Spectroscopy & Spectrographs

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Spectroscopy & Spectrographs
Roy van Boekel & Kees Dullemond

Overview Spectrum, spectral resolution Dispersion (prism, grating)
Spectrographs longslit echelle fourier transform Multiple Object Spectroscopy

Spectroscopy: what do we measure?
Spectrum = the intensity (or flux) of radiation as a function of wavelength “Continuous” sampling in wavelength (as opposed to imaging, where we integrate over some finite wavelength range) Note: In practice, when using CCDs for spectroscopy, one also integrates over finite wavelength ranges – they are just very narrow compared to the wavelength itself: Pixel width Δν << ν Sampling is continuous but the spectral resolution is limited by the design of the spectrograph Spectrum in classical sense holds no direct spatial information. Many spectrographs allow retrieving spatial info in 1 dimension, some even in 2 (“integral field units”)

Spectral resolution Smallest separation in wavelength that can still be distinguished by instrument, usually given as fraction of  and denoted by R: or alternatively useful, though somewhat arbitrary working definition

Basic spectrograph layout
a means to isolate light from the source in the focal plane, usually a slit “collimator” to make parallel beams on the dispersive element dispersive element, e.g. a prism or grating. Reflection gratings much more frequently used than transmission gratings “Camera”: imaging lens to focus beams in the (detector) focal plane + detector to record the signal

Dispersion Splitting up light in its spectral components achieved by one of two ways: differential refraction prism interference reflection/transmission grating fourier transform (Farby-Perot)

Prism Refractive index n of material depends on wavelength
Several approximate formulae exist to describe n(). “Sellmeier” equation is accurate over a large wavelength range and used by manufacturers of optical glasses: Bi and Ci are empirically determined coefficients. With 3 terms the Sellmeier approximation is accurate to 1 part in ~510-6 in the whole optical and near-infrared range

Prism general light path through prism: one can show that:
dispersion is maximum for a symmetrical light path dispersion is maximum for grazing incidence. Corresponding top angle  depends on refractive index of material. E.g. ~74° for heavy flint glass However: most light is reflected instead of refracted for grazing incidence. In practice, smaller  are used (60° and 30° are common choices)

Prism dispersion curve
strongly non-linear, dispersion in blue much stronger than in red part of spectrum

Prism spectrograph layout
Credit: C.R. Kitchin “Astrophysical techniques” CRC Press, ISBN 13:

Young’s double slit experiment
lens screen incident wave θ d θ

Young’s double slit experiment
lens screen Optical path difference: incident wave Phase difference: d ΔP θ Add the two waves: Intensity is amplitude-squared:

Young’s double slit experiment

Now a triple slit experiment...
lens screen Optical path difference: incident wave Phase difference: d ΔP θ Add the three waves, and take the norm:

Now a triple slit experiment...

Adding more slits... 0th order 1st order 2nd order N=16

General formula of pattern
Exercise: Show that the 1/N2 normalization is correct.

Width of the peaks N=4 For one has

Width of the peaks N=4 For with one has

Width of the peaks N=4 Peak width is therefore: For with one has
(Later: Relevance for spectral resolution)

Now do 3 different wavelengths
0th order 1st order 2nd order N=4 Green is here the reference wavelength λ. Blue/red is chosen such that its 1st order peak lies in green’s first null on the left/right of the 1st order.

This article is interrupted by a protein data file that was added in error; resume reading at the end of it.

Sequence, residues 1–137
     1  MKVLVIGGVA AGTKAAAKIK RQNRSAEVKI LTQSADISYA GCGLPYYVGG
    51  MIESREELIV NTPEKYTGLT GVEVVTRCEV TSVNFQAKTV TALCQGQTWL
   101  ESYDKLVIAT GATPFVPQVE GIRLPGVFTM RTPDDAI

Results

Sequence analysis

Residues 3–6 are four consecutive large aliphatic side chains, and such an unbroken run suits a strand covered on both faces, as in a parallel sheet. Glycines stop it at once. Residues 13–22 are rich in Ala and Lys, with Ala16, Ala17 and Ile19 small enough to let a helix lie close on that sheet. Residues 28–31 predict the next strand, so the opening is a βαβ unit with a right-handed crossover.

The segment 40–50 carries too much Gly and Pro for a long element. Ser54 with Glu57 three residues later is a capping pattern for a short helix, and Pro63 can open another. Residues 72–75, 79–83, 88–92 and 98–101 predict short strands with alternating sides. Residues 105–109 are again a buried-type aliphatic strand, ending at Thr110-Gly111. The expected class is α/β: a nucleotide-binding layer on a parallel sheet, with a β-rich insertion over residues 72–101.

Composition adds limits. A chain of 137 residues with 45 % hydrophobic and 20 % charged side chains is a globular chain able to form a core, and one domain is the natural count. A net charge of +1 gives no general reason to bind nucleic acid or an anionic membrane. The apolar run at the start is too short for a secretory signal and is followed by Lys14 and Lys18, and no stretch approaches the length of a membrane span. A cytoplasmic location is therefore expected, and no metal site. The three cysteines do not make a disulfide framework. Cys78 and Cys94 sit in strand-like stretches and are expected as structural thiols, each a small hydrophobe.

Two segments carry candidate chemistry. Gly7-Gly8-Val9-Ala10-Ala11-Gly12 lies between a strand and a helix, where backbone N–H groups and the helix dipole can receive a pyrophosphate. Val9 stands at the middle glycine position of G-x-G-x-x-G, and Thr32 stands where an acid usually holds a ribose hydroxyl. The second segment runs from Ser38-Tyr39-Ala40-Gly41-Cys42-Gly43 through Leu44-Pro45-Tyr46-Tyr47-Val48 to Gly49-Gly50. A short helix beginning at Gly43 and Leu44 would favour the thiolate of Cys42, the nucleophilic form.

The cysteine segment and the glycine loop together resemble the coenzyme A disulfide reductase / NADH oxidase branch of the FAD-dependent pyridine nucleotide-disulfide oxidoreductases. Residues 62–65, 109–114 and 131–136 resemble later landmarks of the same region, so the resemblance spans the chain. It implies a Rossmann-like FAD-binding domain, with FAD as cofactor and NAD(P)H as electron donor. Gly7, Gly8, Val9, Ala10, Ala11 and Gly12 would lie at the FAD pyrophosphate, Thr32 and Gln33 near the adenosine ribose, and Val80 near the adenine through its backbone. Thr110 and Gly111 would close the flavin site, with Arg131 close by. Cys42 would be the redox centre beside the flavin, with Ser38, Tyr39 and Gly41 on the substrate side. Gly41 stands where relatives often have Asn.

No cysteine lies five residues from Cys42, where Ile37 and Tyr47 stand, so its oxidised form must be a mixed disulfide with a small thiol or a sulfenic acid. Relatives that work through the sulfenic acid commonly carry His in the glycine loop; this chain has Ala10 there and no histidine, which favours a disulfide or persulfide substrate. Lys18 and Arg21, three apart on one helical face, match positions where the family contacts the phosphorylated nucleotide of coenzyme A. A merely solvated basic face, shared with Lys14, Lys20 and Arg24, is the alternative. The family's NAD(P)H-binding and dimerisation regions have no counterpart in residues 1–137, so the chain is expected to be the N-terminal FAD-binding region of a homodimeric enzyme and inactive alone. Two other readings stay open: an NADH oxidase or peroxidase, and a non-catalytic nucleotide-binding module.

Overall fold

Now do 3 different wavelengths
0th order 1st order 2nd order N=8 Keeping 3 wavelengths fixed, but increasing N

Now do 3 different wavelengths
0th order 1st order 2nd order N=16 Keeping 3 wavelengths fixed, but increasing N

Now do 3 different wavelengths
0th order 1st order 2nd order N=4 Green is here the reference wavelength λ. Blue/red is chosen such that its 1st order peak lies in green’s first null on the left/right of the 1st order.

Now do 3 different wavelengths
0th order 1st order 2nd order N=8 Green is here the reference wavelength λ. Blue/red is chosen such that its 1st order peak lies in green’s first null on the left/right of the 1st order. Spectral resolution:

Let’s look at the 2nd order
0th order 1st order 2nd order N=8 Green is here the reference wavelength λ. Blue/red is chosen such that its 1st order peak lies in green’s first null on the left/right of the 1st order. Spectral resolution:

Let’s look at the 2nd order
m=0 m=1 m=2 m=3 m=4 N=8 Green is here the reference wavelength λ. Blue/red is chosen such that its 1st order peak lies in green’s first null on the left/right of the 1st order.

Let’s look at the 2nd order
m=2 N=8 Zoom-in around 2nd order Green is here the reference wavelength λ. Blue/red is chosen such that its 1st order peak lies in green’s first null on the left/right of the 1st order.

Let’s look at the 2nd order
m=0 m=1 m=2 m=3 m=4 N=8 Green is here the reference wavelength λ. Blue/red is chosen such that its 1st order peak lies in green’s first null on the left/right of the 1st order.

Let’s look at the 2nd order
m=0 m=1 m=2 m=3 m=4 N=8 Green is here the reference wavelength λ. Blue/red is chosen such that its 2nd order peak lies in green’s first null on the left/right of the 2nd order. Spectral resolution:

Let’s look at the 3rd order
m=0 m=1 m=2 m=3 m=4 N=8 Green is here the reference wavelength λ. Blue/red is chosen such that its 3rd order peak lies in green’s first null on the left/right of the 3rd order. Spectral resolution:

General formula N=8 m=0 m=1 m=2 m=3 m=4
Green is here the reference wavelength λ. Blue/red is chosen such that its mth order peak lies in green’s first null on the left/right of the mth order. Spectral resolution: